A Ridgite at Coney Island: Part Three


Courtesy: Stas Holodnak

The scenery on Coney Island beach in July was simply idyllic. Children played in the waves under the supervision of lifeguards who occasionally whistled when someone was playing rough. Farther on, a few people were swimming between the jetties. Even further away, similar to migratory birds that fly farther and farther afield, the group of swimmers pushed along the shore of Coney Island. Some of them were towing the dry, floating red bags that contained their clothes and other personal effects. These bags also serve as flotation devices and are visible from a distance. The formidable swimmers were training for the triathlon. They love Coney Island because of its calm waters that are not common in neighboring Rockaways and the Jersey Shore – places with beautiful shores, but lots of waves and rip currents.

The water was clean, refreshing and made me feel especially grateful as it was the first time in many months that I had been swimming in it. For the past year or so, I have tried to wait until the pandemic is over in the mountainous region of eastern Pennsylvania called Poconos. The Poconos have several dozen lakes, most of them small and man-made. One of those lakes was next to where I was staying and swimming, kayaking and sailing as much as I could. Lake water is not ocean water. You sometimes touch the grassy ground with your feet when swimming and depending on the rain the night before, you may come out of the water like a native lake creature with your skin tattooed with tiny dots of dirt that quickly dry out and fall off. . The lake water does not contain any of that magical energy that sea water gives you.

The lake where I was had a swimming area delimited by floating lines. Two high wooden lifeguard chairs have been emptied of their occupants due to Covid restrictions. Lifeguards save lives especially in lakes, ponds and swimming pools where people feel less vulnerable. But by confining all swimmers to tiny places, they prevent swimming. My lake’s swimming area is the size of a Starbucks, while the lake is at least five city blocks in size. The person who decided on her size was hardly an avid swimmer.

“Swim at your own risk” proclaimed the lifeguards every night before leaving and I gladly accepted. So when the community didn’t retain rescuers for the Covid Baked Summer, I didn’t miss them. I swam around the long, narrow island that sits in the center of the lake. People on paddleboards, kayaks, and fishing boats were giving me surprised looks as little birds, ducks, and turtles minded their own business.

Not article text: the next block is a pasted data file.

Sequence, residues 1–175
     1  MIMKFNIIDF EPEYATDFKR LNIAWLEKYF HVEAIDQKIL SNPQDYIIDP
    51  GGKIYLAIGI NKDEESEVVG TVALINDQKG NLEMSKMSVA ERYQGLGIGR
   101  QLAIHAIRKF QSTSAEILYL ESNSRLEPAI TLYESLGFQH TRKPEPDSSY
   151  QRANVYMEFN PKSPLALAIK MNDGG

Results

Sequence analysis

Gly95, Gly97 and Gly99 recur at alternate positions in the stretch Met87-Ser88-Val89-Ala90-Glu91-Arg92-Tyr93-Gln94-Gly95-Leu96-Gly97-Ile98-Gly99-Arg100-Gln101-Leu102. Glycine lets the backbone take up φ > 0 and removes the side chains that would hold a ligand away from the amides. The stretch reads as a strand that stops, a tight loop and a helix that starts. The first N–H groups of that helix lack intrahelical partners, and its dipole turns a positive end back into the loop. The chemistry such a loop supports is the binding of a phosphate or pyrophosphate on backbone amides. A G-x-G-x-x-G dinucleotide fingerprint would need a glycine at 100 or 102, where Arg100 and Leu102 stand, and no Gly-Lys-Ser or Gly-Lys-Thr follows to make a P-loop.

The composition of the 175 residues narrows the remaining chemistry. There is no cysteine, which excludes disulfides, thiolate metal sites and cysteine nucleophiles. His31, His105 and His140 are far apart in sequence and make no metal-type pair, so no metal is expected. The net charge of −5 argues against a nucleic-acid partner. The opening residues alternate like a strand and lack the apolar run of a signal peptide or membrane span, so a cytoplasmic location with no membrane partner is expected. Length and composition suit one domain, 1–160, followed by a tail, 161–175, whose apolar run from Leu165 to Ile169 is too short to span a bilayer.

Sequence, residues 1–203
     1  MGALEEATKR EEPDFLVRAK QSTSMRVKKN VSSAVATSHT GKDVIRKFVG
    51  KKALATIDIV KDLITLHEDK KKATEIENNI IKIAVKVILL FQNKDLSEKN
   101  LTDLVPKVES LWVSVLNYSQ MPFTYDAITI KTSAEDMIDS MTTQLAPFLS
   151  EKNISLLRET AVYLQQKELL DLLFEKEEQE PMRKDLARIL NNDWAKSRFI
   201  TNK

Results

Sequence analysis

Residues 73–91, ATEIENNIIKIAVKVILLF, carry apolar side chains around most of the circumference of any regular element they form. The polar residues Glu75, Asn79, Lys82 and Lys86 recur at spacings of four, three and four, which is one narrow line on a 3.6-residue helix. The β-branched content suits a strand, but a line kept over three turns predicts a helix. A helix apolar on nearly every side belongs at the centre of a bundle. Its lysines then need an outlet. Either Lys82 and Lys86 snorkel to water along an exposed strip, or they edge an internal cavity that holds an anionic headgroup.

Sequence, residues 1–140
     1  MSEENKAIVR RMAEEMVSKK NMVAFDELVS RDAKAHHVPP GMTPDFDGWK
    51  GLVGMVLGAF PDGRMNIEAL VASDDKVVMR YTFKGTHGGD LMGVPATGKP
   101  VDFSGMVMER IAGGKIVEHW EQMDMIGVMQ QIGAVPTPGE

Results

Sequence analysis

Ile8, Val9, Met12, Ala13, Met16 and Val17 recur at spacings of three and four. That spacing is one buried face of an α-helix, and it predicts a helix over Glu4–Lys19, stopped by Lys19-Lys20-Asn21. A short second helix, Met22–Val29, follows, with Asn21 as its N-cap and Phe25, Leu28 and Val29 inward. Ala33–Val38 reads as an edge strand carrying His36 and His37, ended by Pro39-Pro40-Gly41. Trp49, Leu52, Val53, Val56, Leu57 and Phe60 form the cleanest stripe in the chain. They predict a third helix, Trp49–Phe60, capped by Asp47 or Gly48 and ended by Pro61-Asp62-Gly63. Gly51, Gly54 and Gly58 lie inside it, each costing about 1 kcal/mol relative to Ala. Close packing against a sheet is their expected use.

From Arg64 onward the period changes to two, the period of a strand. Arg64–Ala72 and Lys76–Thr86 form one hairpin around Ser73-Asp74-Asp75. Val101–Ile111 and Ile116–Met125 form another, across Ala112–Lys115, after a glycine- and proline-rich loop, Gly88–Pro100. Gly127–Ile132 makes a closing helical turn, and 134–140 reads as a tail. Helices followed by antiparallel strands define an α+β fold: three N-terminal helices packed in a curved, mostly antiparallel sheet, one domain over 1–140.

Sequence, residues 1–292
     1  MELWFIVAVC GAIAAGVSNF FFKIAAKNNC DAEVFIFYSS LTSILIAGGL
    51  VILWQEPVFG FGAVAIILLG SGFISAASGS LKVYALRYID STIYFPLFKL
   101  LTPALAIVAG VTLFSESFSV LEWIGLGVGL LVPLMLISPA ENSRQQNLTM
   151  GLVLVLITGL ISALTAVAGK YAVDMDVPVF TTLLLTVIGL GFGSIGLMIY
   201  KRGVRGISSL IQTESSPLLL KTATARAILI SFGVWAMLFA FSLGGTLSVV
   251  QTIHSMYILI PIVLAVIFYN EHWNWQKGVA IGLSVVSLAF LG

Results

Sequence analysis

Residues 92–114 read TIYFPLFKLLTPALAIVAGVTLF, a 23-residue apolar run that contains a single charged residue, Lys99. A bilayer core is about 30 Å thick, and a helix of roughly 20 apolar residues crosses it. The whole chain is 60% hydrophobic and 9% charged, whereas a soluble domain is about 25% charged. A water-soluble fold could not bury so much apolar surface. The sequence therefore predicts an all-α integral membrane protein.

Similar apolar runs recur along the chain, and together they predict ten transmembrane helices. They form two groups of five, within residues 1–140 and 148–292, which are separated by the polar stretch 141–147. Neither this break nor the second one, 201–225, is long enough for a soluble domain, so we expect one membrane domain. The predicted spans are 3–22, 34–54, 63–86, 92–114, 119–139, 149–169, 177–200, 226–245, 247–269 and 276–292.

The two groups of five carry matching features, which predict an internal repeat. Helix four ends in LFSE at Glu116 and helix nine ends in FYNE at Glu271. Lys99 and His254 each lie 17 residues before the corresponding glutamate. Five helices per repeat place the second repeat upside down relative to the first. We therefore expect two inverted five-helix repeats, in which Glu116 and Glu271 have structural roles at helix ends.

On July 4, the lake beach was packed with people. It was hot and the swimming area was crowded. The lifeguards were absent but no one ventured outside the lines that demarcated the swimming area. Instead, people preferred to congregate in the area where there was as much space as in an airplane filled to capacity. It didn’t surprise me. As children, Americans learn to swim in swimming pools. The pool water is clear all the way to the bottom and you can only swim a preset distance one way. My friend, for example, learned to swim in the pool. He was on his school’s swim team. He had a nice clean shot but he would never venture beyond the nearest buoy. I grew up near the Ros River in Ukraine. When I was learning to swim my goal was to get to the other side of the river, not to learn the right technique. I still remember the joy I felt when my feet hit the ground at “Riverbeyond” – the name my locals referred to across the river.

Perhaps pool limits are part of the reason, but many Americans only think of swimming in terms of safety skill and healthy training exercise. Swimming is more than that. It grants the freedom of gravity and the freedom to move through matter other than hard earth. Yet no matter how great swimming makes us feel, water is not our natural habitat. A swimmer must estimate the swimming distance so that at any time the body has enough energy to return to land. If we are to swim we have to follow the lead of those who train for a triathlon – swim far but carry a floating rescue bag. Swim in calmer waters and swim with friends.

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About Stas Holodnak

The very first time Stas saw the sea was like a little boy. He saw it from a bus window at the end of a bumpy road twelve o’clock stroll. The Black Sea seemed as blue to him as the sky itself, but much sharper and within reach. Today, Stas lives in Brooklyn just steps from the water. If he doesn’t swim or sail, he writes about it.

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